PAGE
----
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With the recent news of the FoxConn multi-billion deal to start operations in Wisconsin, it became apparent to the Illinois legislature that having key incentives in place is an important factor to induce companies to expand operations in Illinois. The Illinois legislature took an important step in that direction on August 13, 2017 when it passed and sent HB 162 to Governor Rauner to be signed into law, which he did last week. HB 162 has officially extended and revised the Economic Development for a Growing Economy (EDGE) tax credit, which had previously expired back on April 30, 2017.
EDGE Overview. As a reminder, the EDGE credit as it existed prior to the changes enacted by HB 162 is a nonrefundable income tax credit equal to a percentage (not to exceed 100%) of the Illinois income tax withholdings from new employees. Companies that wish to take advantage of this credit must first apply for approval and awarding of the credit from the Illinois Department of Commerce and Economic Opportunity (DCEO). The credit can be earned over a ten year period and the application request should be filed with the DCEO before any new investment or hiring occurs at the project site.
Applicants are required to commit to investing at least $5 million in capital improvements and to create at least 25 new full-time jobs. If the company has 100 or fewer employees, the thresholds are lowered to at least $1 million in capital improvements and at least five new full-time jobs. In addition, the company must be able to demonstrate that multiple state options exist for the project; at least one other state is being considered for the project; or that the tax credit is essential to the company’s decision to create and/or retain jobs in Illinois.
Finally, taxpayers in certain industries that met minimal investment and employment thresholds and would not otherwise be able to use the EDGE credit (due to net operating losses) could elect to claim the credit against its income tax withholding obligations.
New EDGE Developments. With the passage of HB 162, the granting of EDGE tax credits has been extended to June 30, 2022. In addition, the following changes have been made to the EDGE program:
- The maximum credit is now limited to the lesser of: 50% of the additional income tax withholdings from the new employees + 10% of the training costs for such employees; or 100% of the additional income tax withholdings from the new employees.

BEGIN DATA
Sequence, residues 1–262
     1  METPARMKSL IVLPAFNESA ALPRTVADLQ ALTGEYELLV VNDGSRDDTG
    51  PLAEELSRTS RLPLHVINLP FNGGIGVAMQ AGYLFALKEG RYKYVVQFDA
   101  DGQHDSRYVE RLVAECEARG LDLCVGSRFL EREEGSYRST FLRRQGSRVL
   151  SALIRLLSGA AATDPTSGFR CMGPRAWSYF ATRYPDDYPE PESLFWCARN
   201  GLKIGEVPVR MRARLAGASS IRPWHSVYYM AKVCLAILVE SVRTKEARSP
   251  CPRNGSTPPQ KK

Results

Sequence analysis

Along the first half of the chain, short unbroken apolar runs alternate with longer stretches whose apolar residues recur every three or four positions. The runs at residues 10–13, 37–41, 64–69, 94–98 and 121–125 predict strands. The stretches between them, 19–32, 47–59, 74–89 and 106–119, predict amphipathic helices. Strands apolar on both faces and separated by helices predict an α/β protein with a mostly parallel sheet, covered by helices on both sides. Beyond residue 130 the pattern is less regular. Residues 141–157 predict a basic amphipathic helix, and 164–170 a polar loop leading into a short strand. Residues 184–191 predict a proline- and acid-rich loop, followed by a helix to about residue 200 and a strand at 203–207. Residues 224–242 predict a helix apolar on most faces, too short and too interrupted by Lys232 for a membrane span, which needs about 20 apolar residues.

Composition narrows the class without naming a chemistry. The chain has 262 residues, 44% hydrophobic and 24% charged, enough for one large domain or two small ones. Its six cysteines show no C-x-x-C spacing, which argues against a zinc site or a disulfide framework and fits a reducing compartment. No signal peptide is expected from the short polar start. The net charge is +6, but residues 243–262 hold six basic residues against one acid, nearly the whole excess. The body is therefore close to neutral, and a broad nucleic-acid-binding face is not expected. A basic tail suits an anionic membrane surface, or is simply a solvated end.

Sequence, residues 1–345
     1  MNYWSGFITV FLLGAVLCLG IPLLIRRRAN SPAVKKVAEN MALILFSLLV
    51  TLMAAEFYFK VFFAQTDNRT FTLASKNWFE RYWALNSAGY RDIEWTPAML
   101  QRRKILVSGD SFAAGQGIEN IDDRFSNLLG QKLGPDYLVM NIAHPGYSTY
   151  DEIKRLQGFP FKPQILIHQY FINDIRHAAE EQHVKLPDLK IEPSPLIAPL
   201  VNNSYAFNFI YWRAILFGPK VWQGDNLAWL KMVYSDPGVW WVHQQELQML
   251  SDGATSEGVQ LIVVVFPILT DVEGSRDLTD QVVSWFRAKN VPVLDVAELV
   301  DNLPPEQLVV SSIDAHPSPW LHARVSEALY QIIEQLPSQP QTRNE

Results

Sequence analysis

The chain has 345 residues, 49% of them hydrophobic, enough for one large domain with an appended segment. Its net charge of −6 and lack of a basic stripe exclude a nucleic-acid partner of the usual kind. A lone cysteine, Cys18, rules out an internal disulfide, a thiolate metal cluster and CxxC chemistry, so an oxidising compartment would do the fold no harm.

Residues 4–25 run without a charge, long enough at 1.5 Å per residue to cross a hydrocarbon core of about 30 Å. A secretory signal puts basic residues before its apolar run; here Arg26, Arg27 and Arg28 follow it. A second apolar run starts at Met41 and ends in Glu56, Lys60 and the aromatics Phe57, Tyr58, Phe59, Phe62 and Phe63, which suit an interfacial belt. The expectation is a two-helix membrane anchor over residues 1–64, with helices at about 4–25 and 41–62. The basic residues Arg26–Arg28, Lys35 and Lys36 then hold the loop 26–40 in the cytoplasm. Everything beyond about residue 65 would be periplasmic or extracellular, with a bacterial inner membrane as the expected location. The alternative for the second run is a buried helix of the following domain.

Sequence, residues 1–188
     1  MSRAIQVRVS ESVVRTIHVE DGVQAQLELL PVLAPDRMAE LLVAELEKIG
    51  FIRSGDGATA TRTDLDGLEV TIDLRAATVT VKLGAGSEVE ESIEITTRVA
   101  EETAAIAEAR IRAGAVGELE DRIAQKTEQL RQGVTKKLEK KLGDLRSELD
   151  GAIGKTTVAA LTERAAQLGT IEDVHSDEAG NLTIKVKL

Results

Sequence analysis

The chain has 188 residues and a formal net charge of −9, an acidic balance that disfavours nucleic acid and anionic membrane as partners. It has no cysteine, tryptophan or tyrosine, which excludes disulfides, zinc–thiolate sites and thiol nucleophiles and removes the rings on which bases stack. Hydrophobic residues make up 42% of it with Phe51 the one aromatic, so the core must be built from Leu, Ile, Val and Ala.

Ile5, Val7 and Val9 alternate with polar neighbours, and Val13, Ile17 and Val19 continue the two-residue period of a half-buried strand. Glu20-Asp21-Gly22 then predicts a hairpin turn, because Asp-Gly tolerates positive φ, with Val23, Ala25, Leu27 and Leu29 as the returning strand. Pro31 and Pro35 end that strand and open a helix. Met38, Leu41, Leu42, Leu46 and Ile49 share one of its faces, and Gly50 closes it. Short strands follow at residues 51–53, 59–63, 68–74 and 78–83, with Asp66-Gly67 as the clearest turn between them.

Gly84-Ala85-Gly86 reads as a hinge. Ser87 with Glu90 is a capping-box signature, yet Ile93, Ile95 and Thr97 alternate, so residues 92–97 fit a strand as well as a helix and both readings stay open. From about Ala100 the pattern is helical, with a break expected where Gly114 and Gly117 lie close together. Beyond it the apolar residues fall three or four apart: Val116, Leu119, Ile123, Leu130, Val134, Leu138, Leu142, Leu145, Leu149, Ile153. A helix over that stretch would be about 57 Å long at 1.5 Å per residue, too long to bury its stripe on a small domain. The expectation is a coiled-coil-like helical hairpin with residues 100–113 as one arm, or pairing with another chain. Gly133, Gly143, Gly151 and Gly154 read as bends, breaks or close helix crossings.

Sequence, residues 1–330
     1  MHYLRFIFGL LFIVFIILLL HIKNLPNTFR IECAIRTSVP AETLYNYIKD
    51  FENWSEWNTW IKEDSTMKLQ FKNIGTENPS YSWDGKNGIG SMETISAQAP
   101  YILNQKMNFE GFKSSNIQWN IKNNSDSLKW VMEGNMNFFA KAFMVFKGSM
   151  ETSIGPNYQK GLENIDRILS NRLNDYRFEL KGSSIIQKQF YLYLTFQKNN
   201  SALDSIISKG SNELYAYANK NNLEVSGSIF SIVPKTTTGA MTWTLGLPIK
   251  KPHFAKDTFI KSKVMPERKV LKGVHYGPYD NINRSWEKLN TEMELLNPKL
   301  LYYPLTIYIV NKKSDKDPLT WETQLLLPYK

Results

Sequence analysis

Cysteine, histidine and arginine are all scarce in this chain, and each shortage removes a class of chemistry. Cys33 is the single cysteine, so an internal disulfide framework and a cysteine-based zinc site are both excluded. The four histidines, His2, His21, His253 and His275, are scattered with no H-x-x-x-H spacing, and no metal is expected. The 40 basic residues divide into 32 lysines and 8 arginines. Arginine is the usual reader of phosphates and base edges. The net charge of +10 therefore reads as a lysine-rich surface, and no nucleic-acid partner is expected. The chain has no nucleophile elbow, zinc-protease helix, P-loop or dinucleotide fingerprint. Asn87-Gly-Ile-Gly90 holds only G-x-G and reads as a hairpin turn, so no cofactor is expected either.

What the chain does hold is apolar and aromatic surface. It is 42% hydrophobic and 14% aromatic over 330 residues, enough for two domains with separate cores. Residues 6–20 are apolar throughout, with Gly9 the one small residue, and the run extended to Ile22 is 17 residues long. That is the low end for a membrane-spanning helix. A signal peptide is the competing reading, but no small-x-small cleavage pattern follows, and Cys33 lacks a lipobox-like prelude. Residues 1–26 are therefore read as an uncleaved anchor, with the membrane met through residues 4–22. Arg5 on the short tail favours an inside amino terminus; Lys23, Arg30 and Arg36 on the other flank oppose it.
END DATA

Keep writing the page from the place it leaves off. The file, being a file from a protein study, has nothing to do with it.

- If the project is for an underserved area the 50% limit is increased to 75%. An “underserved area” means a geographical area in which there is at least a 20% poverty rate, at least 75% of the children participate in the federal free lunch program, at least 20% of the households receive Supplemental Nutrition Assistance Program, or the area has an average unemployment rate that is more than 120% of the national unemployment average.
- If the company can provide evidence and demonstrate that it has multi-state location options which it could efficiently locate outside of the state, or that at least one other state is being considered for the project, then the limitation can be increased to an amount equal to 25% of the income taxes withheld on retained jobs for that project.
- Companies with EDGE agreements that were entered into on or after January 1, 2015 are no longer able to elect to use the credit against their income tax withholding obligations.
- The $5 million capital investment threshold for companies with more than 100 employees has been reduced to $2.5 million and removed altogether for companies with 100 or fewer employees.
- The number of new employees required for the credit will be equal to the lesser of: 10% of the company’s current world-wide employment, or 50 new employees. If the company has 100 or fewer employees than it is the lesser of: 5% of world-wide employment, or 50 new employees.
- The new law reduces the options for a company to show that if not for the credit the project would not occur in Illinois to providing evidence that the receipt of the credit is essential to the company’s decision to create new jobs in the state. The only example of such evidence, though not necessarily meant to be exclusive, provided for in the statute is an analysis showing the magnitude of the cost differential between Illinois and a competing state.
- A “claw back provision” is enacted in which a company ceases its principal operations with the intent to shut down the project permanently during the term of the EDGE Agreement. In that case, the entire EDGE credit amount previously awarded is required to be refunded to the DCEO.
- The company will be required to file an informational report with the DCEO no later than April 15 of each year that the company claims the EDGE credit.
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